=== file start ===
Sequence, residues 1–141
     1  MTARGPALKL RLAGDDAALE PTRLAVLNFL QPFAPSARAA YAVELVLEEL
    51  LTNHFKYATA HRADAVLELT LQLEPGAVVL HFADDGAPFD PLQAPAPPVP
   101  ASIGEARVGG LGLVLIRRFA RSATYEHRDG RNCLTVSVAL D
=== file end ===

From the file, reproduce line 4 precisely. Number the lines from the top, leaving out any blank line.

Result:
   101  ASIGEARVGG LGLVLIRRFA RSATYEHRDG RNCLTVSVAL D